Postgres full-text search is Good Enough!

When you have to build a web application, you are often asked to add search. The magnifying glass is something that we now add to wireframes without even knowing what we are going to search.

Search has became an important feature and we've seen a big increase in the popularity of tools like elasticsearch and SOLR which are both based on lucene. They are great tools but before going down the road of Weapons of Mass Destruction Search, maybe what you need is something a bit lighter which is simply good enough!

What do you I mean by 'good enough'? I mean a search engine with the following features:

  • Stemming
  • Ranking / Boost
  • Support Multiple languages
  • Fuzzy search for mispelling
  • Accent support

Luckily PostgreSQL supports all these features.

This post is aimed at people who :

  • use PostgreSQL and don't want to install an extra dependency for their search engine.
  • use an alternative database (eg: MySQL) and have the need for better full-text search features.

In this post we are going to progressively illustrate some of the full-text search features in Postgres based on the following tables and data:

CREATE TABLE author(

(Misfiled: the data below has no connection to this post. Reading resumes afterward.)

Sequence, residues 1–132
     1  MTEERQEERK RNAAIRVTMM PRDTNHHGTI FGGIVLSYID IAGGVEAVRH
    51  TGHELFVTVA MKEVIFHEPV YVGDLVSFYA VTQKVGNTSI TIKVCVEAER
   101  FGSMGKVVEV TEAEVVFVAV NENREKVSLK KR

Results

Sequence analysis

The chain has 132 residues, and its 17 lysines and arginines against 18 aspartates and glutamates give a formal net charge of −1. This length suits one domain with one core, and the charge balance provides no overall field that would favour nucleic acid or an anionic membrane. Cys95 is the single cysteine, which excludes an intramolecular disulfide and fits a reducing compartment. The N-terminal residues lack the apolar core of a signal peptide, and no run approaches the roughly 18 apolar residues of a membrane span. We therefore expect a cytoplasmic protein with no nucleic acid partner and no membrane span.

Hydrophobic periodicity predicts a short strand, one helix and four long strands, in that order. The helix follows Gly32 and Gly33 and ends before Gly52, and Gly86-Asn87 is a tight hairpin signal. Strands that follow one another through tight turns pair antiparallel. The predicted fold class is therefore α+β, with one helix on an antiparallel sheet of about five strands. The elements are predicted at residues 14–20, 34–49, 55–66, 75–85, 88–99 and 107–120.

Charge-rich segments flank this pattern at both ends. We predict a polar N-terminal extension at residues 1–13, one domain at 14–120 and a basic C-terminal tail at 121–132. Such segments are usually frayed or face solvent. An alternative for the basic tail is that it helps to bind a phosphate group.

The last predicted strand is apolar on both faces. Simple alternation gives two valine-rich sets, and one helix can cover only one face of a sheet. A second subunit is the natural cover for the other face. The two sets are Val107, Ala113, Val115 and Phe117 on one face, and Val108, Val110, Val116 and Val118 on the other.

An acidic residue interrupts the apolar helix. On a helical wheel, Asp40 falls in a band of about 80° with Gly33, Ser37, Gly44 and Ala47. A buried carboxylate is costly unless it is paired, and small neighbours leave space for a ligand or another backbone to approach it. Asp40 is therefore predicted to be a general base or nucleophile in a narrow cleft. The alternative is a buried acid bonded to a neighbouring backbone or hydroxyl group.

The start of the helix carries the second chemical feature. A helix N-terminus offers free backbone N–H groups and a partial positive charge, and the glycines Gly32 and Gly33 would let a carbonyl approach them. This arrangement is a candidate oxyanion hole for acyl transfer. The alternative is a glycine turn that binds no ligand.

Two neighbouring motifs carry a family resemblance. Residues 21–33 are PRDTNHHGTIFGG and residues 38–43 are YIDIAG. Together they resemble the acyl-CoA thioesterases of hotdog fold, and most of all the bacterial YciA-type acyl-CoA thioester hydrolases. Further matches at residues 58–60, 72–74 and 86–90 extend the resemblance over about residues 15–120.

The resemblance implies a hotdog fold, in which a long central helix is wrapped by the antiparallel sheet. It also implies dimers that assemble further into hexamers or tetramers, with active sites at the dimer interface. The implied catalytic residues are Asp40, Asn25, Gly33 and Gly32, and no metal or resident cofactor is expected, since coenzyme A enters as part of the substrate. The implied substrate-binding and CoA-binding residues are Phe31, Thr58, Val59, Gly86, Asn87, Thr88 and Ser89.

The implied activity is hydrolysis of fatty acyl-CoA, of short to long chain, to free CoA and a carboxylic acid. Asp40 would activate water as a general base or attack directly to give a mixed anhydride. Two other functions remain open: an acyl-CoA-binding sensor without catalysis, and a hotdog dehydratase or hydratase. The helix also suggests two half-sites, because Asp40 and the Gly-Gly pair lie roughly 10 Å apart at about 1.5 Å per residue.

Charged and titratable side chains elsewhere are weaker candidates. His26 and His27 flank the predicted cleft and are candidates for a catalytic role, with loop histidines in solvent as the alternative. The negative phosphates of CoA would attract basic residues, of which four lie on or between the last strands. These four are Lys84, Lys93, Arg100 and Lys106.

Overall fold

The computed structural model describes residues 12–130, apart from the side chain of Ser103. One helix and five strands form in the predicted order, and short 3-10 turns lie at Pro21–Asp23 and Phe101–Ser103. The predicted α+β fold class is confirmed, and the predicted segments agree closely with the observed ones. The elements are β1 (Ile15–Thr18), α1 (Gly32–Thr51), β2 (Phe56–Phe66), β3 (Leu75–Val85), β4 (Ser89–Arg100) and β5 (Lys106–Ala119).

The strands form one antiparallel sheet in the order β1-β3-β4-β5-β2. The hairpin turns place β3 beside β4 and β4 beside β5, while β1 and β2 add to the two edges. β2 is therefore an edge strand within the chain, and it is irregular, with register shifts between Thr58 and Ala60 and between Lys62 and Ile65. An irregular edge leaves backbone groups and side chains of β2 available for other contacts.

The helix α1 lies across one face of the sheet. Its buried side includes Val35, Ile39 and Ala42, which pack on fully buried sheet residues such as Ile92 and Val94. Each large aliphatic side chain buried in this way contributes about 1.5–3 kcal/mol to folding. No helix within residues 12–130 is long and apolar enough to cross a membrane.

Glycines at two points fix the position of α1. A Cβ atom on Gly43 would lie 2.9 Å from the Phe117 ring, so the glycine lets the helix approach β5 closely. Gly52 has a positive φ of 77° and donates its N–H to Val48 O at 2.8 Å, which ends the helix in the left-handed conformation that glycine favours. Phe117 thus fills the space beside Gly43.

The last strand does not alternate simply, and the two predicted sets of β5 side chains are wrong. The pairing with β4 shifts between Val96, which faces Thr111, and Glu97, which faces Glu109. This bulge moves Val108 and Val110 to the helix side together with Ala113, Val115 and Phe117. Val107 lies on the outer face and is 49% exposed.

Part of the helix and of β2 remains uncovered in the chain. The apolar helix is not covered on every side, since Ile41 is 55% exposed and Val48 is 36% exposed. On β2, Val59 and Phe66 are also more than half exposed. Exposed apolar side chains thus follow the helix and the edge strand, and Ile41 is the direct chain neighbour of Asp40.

id SERIAL PRIMARY KEY,
   name TEXT NOT NULL
);

CREATE TABLE post(
   id SERIAL PRIMARY KEY,
   title TEXT NOT NULL,
   content TEXT NOT NULL,
   author_id INT NOT NULL references author(id) 
);

CREATE TABLE tag(
   id SERIAL PRIMARY KEY,
   name TEXT NOT NULL 
);

CREATE TABLE posts_tags(
   post_id INT NOT NULL references post(id),
   tag_id INT NOT NULL references tag(id)
 );

INSERT INTO author (id, name) 
VALUES (1, 'Pete Graham'), 
       (2, 'Rachid Belaid'), 
       (3, 'Robert Berry');

INSERT INTO tag (id, name) 
VALUES (1, 'scifi'), 
       (2, 'politics'), 
       (3, 'science');

INSERT INTO post (id, title, content, author_id) 
VALUES (1, 'Endangered species', 'Pandas are an endangered species', 1 ), 
       (2, 'Freedom of Speech', 'Freedom of speech is a necessary right missing in many countries', 2), 
       (3, 'Star Wars vs Star Trek', 'Few words from a big fan', 3);


INSERT INTO posts_tags (post_id, tag_id) 
VALUES (1, 3), 
       (2, 2), 
       (3, 1);

It's a traditional blog-like application with post objects, which have a title and content. A post is associated to an author via a foreign key. A post itself can have multiple tags

What is Full-Text Search.

First, let's look at the definition:

In text retrieval, full-text search refers to techniques for searching a single computer-stored document or a collection in a full text database. Full-text search is distinguished from searches based on metadata or on parts of the original texts represented in databases.

-- Wikipedia

This definition introduces the concept of a document, which is important. When you run a search accross your data, you are looking into meaningful entities for which you want to search, these are your documents! The PostgreSQL documentation explains it amazingly.

A document is the unit of searching in a full text search system; for example, a magazine article or email message.

-- Postgres documentation